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FRIDAY, Jan. 28 (HealthDay News) -- Rheumatoid arthritis (RA) patients with low socioeconomic status are at increased risk for depression, a new study finds.
Previous research has shown that 13 percent to 42 percent of RA patients experience depression, which is associated with worse outcomes.
In this new study, researchers analyzed data from 824 hospital or clinic visits made by 466 RA patients and found that 37 percent of them had moderate to severe depression.
The researchers, reporting in the February issue of the journal Arthritis Care & Research, also looked at measures of socioeconomic status, such as race, income, education and health access.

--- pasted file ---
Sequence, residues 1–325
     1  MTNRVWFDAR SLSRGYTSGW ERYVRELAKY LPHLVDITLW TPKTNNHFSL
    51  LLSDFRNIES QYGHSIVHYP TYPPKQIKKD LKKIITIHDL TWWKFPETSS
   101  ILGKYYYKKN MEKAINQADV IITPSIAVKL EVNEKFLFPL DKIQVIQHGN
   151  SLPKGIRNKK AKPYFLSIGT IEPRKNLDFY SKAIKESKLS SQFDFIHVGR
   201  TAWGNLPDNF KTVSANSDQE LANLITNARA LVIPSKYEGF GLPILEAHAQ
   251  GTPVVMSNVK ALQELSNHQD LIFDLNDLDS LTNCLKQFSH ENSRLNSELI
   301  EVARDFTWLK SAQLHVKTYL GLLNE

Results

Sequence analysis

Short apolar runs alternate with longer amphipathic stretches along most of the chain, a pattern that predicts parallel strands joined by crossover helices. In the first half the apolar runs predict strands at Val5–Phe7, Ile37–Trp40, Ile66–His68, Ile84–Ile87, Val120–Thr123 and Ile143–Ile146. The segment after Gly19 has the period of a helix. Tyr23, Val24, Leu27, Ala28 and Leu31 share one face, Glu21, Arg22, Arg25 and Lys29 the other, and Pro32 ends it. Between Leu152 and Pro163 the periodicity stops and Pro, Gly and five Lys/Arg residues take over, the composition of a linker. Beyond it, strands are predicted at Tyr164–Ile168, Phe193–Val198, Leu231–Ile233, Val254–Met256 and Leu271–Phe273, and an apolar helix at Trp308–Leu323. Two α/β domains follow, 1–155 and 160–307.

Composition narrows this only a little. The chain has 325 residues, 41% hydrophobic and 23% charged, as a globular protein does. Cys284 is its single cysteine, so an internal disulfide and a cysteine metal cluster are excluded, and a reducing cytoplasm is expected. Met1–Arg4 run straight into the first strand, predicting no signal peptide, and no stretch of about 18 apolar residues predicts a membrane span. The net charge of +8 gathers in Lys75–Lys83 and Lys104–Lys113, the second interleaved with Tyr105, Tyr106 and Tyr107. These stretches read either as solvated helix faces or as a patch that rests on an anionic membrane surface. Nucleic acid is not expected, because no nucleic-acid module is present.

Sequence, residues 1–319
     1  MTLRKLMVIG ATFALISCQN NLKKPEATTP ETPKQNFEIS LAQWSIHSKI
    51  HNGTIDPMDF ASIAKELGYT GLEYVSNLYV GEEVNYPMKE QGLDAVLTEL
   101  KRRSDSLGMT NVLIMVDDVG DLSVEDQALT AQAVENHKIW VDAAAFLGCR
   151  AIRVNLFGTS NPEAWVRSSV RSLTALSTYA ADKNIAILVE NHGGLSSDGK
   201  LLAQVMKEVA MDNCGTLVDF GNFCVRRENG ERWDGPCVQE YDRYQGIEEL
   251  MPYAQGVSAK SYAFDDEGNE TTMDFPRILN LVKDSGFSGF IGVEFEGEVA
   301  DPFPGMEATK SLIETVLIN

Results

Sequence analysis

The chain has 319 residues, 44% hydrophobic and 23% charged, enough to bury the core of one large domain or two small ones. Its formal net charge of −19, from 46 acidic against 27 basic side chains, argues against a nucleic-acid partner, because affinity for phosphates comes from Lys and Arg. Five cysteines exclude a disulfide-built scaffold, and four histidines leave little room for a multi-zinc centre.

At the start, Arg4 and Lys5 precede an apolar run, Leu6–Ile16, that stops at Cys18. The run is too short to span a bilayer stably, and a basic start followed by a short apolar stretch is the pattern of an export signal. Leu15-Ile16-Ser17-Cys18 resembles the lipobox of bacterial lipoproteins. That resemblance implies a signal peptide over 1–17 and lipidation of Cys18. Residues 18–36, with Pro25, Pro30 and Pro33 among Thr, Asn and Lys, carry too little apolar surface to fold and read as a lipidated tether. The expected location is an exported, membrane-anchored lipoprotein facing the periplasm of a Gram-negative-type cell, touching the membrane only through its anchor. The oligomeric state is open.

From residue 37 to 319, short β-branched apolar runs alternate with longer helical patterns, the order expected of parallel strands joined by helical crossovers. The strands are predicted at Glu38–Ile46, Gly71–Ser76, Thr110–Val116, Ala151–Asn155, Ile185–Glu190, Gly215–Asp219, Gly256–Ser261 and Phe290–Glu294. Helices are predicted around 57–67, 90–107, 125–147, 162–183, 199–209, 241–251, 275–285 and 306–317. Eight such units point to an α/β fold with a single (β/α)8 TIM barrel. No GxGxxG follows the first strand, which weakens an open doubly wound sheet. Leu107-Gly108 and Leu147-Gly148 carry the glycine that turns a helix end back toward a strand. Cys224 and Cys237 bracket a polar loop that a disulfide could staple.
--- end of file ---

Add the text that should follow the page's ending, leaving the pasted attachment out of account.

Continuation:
There were significant differences between depressed and non-depressed patients in terms of race, physical limitations, treatment with disease modifying anti-rheumatic drugs, and care at a public vs. university hospital.
Differences in depression severity were not affected by gender, age, disease duration, steroid use and dose or biological therapy, said the researchers at the Arthritis Research Group, University of California, San Francisco, in a news release from the journal's publisher.
"For the same level of disability, patients with low [socioeconomic status] may be more likely to experience depression," the researchers concluded. "Detection and documentation of the differing effects of disability on depression between patients of different socioeconomic status can help rheumatologists improve health outcomes by initiating appropriate and timely treatment for depression."
The American Academy of Family Physicians has more about rheumatoid arthritis.